The independent student newspaper at the University of Illinois since 1871

The Daily Illini

The independent student newspaper at the University of Illinois since 1871

The Daily Illini

The independent student newspaper at the University of Illinois since 1871

The Daily Illini

The independent student newspaper at the University of Illinois since 1871

The Daily Illini

UI professor, team received $7.5 million to study permafrost

Rhone Tatham

Tugce Baser, professor in Engineering, is leading a team of researchers that was just awarded $7.5 million from the Department of Defense’s Multidisciplinary University Research Initiative.

MURI is an effort by the DoD to fund teams of researchers investigating “high-priority topics and opportunities that intersect more than one traditional technical discipline.” This year, they awarded $221 million to 30 different research groups at 73 institutions in the United States.

The team’s project — known as I’M SHARP, or the Interdisciplinary Material Science for the Hyperspectral Remote Sensing of Permafrost — aims to study the physical properties of permafrost, or land that has been frozen for two consecutive years. The oldest permafrost on our planet is nearly 700,000 years old. 

Baser’s primary field is geotechnical engineering, a sub-discipline of civil engineering, but her team is made up of scientists from a broad range of backgrounds, including quantum physics, electrical engineering, materials science, geoscience and remote sensing. 

Geotechnical engineering is the study of the behavior of Earth’s materials, such as soil, rock and groundwater, and it seeks to understand how these materials change when subjected to various conditions. Geotechnical engineers contribute their expertise to the design, analysis and construction of various structures, such as foundations, retaining walls, embankments, tunnels and slopes, among others.

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Baser’s primary research focus is multi-physical interactions in soil and rock, and the interdependence of their mechanical, hydraulic and thermal properties. 

“It may sound a little bit complicated at first, but what we really care about is the fundamental physical mechanisms that occur within Earth’s materials,” Baser said. “We want to know how these properties change when exposed to external loads.”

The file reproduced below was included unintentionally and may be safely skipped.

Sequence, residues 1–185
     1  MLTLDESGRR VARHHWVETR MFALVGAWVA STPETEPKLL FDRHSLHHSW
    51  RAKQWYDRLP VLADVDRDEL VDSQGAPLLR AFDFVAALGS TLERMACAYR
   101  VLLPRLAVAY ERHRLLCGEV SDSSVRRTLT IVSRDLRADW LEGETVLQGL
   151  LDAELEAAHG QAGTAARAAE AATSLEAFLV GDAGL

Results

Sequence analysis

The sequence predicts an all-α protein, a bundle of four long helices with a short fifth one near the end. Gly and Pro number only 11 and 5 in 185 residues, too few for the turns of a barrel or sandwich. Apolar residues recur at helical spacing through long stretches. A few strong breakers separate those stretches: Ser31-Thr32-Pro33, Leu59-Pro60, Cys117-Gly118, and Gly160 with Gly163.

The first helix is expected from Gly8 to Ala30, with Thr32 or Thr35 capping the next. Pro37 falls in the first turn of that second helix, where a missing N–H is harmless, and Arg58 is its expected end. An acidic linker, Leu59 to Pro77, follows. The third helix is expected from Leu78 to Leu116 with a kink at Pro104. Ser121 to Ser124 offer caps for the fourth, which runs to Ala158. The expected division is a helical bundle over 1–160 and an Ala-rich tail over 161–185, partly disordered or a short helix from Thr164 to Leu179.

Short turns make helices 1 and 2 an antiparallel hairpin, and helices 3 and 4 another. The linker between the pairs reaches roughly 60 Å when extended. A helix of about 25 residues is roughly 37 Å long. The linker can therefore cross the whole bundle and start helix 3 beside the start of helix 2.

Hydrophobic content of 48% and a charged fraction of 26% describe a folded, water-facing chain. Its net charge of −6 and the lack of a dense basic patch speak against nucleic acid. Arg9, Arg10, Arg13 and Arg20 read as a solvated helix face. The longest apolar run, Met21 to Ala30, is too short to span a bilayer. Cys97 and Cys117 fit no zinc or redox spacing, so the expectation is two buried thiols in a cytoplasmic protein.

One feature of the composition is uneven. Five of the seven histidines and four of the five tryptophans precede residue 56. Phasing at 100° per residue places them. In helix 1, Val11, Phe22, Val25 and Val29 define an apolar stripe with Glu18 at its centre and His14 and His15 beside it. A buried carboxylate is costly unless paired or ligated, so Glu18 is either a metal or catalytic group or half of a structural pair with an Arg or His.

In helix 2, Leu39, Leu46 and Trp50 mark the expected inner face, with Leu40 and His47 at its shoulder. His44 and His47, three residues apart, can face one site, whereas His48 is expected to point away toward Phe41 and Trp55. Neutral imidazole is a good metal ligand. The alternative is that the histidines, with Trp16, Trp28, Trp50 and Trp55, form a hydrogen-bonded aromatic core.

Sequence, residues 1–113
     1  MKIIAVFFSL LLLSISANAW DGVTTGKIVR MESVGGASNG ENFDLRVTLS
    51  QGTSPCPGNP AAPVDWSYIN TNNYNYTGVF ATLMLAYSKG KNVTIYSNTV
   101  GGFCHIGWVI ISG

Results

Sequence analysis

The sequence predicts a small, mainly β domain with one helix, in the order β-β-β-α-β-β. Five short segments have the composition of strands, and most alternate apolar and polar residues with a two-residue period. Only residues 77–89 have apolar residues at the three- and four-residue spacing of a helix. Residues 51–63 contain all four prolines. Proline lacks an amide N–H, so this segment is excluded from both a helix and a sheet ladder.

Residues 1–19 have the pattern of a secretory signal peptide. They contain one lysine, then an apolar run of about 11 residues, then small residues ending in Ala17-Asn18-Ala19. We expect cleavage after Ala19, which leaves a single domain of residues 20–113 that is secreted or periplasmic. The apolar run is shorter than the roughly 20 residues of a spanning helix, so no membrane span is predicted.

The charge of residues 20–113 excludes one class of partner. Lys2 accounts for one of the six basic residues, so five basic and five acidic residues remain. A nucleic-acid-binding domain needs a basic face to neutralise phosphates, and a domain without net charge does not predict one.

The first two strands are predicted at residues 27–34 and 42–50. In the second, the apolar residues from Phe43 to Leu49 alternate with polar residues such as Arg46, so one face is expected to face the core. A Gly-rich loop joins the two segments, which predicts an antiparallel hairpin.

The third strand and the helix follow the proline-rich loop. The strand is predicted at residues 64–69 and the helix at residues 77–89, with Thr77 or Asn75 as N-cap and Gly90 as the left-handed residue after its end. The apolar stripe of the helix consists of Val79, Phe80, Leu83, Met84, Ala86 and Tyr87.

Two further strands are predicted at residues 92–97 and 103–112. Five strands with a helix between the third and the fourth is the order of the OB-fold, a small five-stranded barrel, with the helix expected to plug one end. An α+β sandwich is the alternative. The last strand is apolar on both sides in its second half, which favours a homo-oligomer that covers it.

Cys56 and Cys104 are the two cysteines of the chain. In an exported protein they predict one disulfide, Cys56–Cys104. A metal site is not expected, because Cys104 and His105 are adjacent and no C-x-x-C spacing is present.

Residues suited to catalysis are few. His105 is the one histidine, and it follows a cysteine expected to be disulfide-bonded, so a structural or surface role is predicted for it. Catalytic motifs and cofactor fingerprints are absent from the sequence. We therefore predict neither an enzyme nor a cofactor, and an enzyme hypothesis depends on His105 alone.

Baser refers to two types of external loads: man-made and natural. “Man-made loads cause mechanical deformation and natural loads like climate change – extreme temperatures and extreme drought (or) rainfall can cause physical changes in the ground,” she said. 

The team is primarily concerned with these changes in the Arctic Circle, a particularly susceptible region to climate change’s negative effects.

“The Arctic Circle has a lot of permafrost, and as global temperatures increase due to greenhouse gas emissions and the stability of these landscapes are threatened, the landscapes are likely to exhibit dramatic changes,” Baser said.

A prominent example of these changes is gas emission craters. These are massive holes in the earth formed by an overheated buildup of methane beneath a layer of permafrost. The climate becoming warmer weakens the permafrost enough to allow the methane buildup to explode, and the massive methane release itself hastens the effects of global warming. 

“These changes in the permafrost’s physical properties can have extremely adverse effects,” Baser said. “They not only alter the landscape, but they can severely interfere with infrastructure that is built above the permafrost layers. This is especially significant in the Arctic Circle, where this infrastructure is crucial to deliver energy to those regions. 

If the temperatures become too high, the permafrost can thaw, which further exacerbates the issue.

“These permafrost areas contain large amounts of organic biomaterials — i.e. carbon from decomposed organisms,” Baser said. “As the permafrost thaws, this carbon is released into the atmosphere as a greenhouse gas, which continues to deplete our ozone layer.”

The team plans to use groundbreaking technology to detect changes in permafrost.

“We will use hyperspectral remote sensing, which uses satellites to take high-resolution images of permafrost,” Baser said. “We will combine this with laboratory experiments and on-site field-guided experiments to understand how permafrost’s properties change.”

Hyperspectral remote sensing is an imaging technology that can detect the electromagnetic properties of individual pixels in an image, providing extremely high resolution and precise measurements of physical phenomena.

Baser discussed the team’s long-term goals and the impact their work will have on not only the field of climate science but the world as a whole.

“I feel the impact of this research is far beyond our understanding of the topic right now,” Baser said. “There’s obviously a direct scientific impact, but we seek a broader impact that helps society.”

Hyperspectral remote imaging can provide much more accurate data regarding changes in landscape. “This is also very important for analyzing large-scale problems, like natural disasters,” Baser said.

Baser used satellite imagery to assess the scale of destruction in Turkey, her home country, and Syria after a devastating earthquake that took place in February 2023.

Baser and her team’s research has the potential to greatly increase our understanding of climate change’s effects on Earth’s most vulnerable landscapes. 

“The whole team is very eager to begin working on this project,” Baser said. “We strongly believe we are delving into untouched territory, and we are fairly certain that this will open new doors in the scientific community and beyond.” 


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